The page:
The area is characterized by deep moderately to well-drained, granitic soils of the Holland, Shaver, and Musick series. These soils consist of sandy loams and coarse sandy loams, with an effective rooting depth of between 40 and 60 inches on the average. The granitic, sandy loam soils of Fair Play impart distinctive signature characteristics in the resultant wines from grapes grown in the Fair Play region, demonstrative of the effects of local terroir.
The terrain is generally composed of rolling hillsides and rounded ridge tops. At an elevation of 2,000 to 3,000 feet, each vineyard’s topographic location in relationship to the immediate surroundings is of utmost importance to minimize the negative effects of late spring frosts. Most of the vineyards are situated on ridge tops or hillsides, allowing cold air to drain to lower ground.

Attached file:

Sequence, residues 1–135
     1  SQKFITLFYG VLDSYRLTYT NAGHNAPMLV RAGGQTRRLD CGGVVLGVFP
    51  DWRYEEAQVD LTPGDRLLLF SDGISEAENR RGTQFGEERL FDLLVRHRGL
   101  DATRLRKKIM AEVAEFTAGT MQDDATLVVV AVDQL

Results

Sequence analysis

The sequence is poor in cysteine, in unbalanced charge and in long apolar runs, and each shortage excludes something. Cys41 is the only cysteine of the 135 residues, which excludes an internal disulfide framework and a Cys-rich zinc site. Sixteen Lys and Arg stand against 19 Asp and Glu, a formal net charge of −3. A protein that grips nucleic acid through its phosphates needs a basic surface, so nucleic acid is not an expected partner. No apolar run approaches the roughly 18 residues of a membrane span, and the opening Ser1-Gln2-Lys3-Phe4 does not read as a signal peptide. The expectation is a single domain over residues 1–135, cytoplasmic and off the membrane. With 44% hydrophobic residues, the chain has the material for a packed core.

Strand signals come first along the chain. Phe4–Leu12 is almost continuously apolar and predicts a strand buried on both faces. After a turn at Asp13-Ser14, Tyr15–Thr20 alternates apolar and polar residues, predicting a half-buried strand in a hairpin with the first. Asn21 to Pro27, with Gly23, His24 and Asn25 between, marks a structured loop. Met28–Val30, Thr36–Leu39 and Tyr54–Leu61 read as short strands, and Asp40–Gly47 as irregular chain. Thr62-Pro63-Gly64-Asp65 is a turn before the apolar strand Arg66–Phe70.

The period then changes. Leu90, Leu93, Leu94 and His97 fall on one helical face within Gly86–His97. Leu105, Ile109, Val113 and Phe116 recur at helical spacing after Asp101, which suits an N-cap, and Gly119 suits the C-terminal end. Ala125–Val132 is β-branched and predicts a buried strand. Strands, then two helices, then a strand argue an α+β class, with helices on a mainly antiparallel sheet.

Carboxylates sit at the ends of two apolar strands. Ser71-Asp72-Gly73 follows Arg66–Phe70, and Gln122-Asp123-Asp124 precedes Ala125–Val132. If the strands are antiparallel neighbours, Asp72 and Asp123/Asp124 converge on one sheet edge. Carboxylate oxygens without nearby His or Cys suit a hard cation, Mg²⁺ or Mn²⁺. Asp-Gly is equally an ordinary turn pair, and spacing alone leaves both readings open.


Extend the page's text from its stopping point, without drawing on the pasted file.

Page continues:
The elevation of the Fair Play region plays a role in the amount of rainfall, generally about 35 to 40 inches in an average year. Rainfall increases as the elevation increases, roughly 3 to 4 inches for every 1000 foot rise in elevation. However, the length of the growing season follows a reverse pattern; as elevation increases, the growing season decreases. Fair Play enjoys an average growing season of between 230 and 250 days, with areas to the west and southwest showing over 250 days.
Click here to download a 2013 Fair Play Brochure with Map